A Gulf War Illness study finds a connection between dysregulated gut flora, leaky gut and neuroinflammation – and a new way to potentially resolve it.
It’s nice when the government has your back. After years of neglect, the federal government finally appears, at least regarding medical research, to have Gulf War Illness (GWI) veterans’ backs.
The feds are not just interested in understanding GWI – their goal is to develop new treatments. That focus has lead to the development of animal models which have allowed researchers to do extensive testing. (When exposed to the chemicals and stressors, the mouse model of GWI experiences cognitive problems, learning difficulties, fatigue and GI issues.) By paving the way for treatment trials, the GWI animal models are making a significant difference – as they did in this case.
Toxic Chemicals And Your Gut Flora
No one during the first Gulf War almost thirty years ago would have dreamed that the gut, of all places, might hold the key to the health issues veterans face. The latest studies suggest that the gut does play a role, however, and may even play a crucial role in their illness.
If the gut is impacting people with GWI, it would be shocking if it’s not impacting people with chronic fatigue syndrome (ME/CFS) as well.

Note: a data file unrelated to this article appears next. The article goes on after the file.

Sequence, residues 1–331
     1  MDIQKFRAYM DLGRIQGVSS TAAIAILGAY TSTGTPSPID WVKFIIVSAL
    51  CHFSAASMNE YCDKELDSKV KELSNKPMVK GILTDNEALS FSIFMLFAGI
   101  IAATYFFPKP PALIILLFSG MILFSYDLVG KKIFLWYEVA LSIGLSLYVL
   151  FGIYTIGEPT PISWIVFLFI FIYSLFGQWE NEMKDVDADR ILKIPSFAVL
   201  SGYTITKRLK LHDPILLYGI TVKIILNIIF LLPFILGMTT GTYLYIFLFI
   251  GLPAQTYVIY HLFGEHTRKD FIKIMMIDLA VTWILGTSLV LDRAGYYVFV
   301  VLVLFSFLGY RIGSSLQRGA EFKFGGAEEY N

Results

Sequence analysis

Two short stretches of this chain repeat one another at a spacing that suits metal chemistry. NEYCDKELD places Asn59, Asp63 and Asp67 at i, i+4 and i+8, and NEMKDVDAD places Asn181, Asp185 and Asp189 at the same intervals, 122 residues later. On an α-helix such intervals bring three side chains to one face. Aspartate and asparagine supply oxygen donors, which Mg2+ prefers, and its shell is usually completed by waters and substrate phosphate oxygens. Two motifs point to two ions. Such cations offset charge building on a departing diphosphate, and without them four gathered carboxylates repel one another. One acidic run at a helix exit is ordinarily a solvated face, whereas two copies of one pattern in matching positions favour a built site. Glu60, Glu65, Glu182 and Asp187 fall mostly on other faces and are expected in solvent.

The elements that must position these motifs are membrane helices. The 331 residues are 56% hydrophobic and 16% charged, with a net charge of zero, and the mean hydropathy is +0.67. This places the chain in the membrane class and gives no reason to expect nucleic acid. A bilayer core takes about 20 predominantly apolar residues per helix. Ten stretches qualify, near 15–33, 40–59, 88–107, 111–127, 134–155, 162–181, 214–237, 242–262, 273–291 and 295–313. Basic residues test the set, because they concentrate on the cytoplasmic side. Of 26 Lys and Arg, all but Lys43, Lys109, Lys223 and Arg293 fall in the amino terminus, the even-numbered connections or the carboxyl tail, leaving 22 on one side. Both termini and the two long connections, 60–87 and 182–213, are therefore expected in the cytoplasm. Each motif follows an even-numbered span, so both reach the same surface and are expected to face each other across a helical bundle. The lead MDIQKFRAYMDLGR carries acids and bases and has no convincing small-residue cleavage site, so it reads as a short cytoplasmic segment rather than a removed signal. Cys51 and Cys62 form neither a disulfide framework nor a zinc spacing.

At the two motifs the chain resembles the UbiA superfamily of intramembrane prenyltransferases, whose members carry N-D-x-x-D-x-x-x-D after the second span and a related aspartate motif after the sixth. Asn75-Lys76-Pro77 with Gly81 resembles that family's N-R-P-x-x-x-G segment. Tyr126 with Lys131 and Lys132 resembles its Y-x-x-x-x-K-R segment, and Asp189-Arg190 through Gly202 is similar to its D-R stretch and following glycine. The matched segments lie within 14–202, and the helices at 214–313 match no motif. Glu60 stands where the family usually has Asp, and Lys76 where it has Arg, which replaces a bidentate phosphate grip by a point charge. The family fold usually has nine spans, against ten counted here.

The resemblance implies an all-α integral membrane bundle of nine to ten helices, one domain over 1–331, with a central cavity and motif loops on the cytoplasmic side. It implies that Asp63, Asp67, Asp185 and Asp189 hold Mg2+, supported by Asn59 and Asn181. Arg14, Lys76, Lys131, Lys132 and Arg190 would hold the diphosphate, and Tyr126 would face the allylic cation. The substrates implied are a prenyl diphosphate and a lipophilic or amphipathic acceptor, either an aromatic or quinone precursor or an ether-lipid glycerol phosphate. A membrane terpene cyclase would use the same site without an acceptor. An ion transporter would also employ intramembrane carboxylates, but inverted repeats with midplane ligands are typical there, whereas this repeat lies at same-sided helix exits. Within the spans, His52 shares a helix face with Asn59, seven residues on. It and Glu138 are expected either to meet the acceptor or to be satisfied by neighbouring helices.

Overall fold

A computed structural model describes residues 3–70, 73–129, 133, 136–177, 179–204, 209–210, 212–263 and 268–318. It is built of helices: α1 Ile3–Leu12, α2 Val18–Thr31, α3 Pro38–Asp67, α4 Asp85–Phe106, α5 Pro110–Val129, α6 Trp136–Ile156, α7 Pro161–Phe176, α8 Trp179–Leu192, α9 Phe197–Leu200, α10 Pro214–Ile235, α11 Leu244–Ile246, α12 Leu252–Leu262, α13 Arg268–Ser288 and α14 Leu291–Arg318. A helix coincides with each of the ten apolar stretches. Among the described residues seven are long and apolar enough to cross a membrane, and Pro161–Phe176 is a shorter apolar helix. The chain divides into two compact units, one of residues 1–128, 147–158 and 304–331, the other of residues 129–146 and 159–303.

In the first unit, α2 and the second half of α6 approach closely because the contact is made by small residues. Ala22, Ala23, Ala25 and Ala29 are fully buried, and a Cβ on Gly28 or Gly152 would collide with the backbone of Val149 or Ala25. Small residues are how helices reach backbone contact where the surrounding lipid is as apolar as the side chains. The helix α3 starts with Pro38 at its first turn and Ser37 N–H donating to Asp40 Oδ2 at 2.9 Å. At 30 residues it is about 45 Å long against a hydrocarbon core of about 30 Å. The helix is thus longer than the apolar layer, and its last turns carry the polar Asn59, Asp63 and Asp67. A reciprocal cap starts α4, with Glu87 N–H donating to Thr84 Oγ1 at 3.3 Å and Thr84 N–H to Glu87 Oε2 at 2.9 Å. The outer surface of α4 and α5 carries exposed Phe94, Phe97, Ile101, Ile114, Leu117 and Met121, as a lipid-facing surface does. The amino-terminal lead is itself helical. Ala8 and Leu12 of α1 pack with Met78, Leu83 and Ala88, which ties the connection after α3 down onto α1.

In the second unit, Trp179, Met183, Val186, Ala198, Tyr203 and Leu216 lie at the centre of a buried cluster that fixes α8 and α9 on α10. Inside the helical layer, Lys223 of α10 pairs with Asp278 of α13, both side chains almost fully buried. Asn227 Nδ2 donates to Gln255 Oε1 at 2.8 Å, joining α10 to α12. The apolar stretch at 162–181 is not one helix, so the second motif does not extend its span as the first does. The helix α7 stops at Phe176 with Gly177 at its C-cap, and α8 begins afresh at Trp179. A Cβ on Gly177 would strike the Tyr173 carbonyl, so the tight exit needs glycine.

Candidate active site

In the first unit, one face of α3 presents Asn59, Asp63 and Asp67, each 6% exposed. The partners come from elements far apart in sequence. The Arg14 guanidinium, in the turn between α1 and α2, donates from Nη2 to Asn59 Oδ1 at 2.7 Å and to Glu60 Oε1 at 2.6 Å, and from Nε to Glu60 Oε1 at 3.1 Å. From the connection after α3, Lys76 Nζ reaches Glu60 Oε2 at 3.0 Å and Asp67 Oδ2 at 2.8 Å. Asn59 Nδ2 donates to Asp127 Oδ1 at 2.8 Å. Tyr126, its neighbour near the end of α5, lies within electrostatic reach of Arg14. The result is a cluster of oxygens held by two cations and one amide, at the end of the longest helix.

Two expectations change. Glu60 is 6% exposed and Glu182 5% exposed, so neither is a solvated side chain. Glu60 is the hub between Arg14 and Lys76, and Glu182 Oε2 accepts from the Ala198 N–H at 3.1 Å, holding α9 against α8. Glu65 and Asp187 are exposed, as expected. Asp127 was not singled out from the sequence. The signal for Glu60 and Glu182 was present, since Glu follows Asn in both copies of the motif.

Altered gut microbiome in a mouse model of Gulf War Illness causes neuroinflammation and intestinal injury via leaky gut and TLR4 activation. Firas Alhasson,#1 Suvarthi Das,#1,¤ Ratanesh Seth,#1 Diptadip Dattaroy,1 Varun Chandrashekaran,1 Caitlin N. Ryan,2 Luisa S. Chan,2 Traci Testerman,3 James Burch,4 Lorne J. Hofseth,5 Ronnie Horner,6 Mitzi Nagarkatti,3 Prakash Nagarkatti,3 Stephen M. Lasley,7 and Saurabh Chatterjee1,*PLoS One. 2017; 12(3): e0172914.Published online 2017 Mar 22. doi: 10.1371/journal.pone.0172914
Saurabh Chatterjee, an environment health science researcher at the University of South Carolina, has been methodically describing the strange flora that’s lurking in GWI patients’ guts. In 2017, Chatterjee and his team showed that exposing GWI mice to chemicals and stress altered their gut microflora and caused the junctures of their gut lining to loosen – producing a “leaky” gut. As their gut bacteria spilled into their blood stream, it triggered a condition called “systemic endotoxemia”. The same leaky gut problem has been found in chronic fatigue syndrome (ME/CFS) and fibromyalgia.
The bacterial phylum Firmicutes that was found enriched in the exposed mice has been associated with obesity, metabolic syndrome, chronic fatigue and inflammatory bowel disease – and was found increased in ME/CFS in one study.
The Gut – Brain Mystery
The mouse problems didn’t stop at their guts, though. Specific gut bacteria (Coproccoccus, Turicibacter) were also associated with neuroinflammation in the GWI mice brains.
How changes in one’s gut bacteria result in inflammation in the brain is, of course, a big question. For one thing, there’s this blood-brain barrier (BBB) that’s been specifically erected to stop bad actors from getting into our brain.
Some researchers have hypothesized that high levels of pro-inflammatory cytokines are wreaking havoc on the formerly tight junctions of the BBB but this group had a different twist on that idea.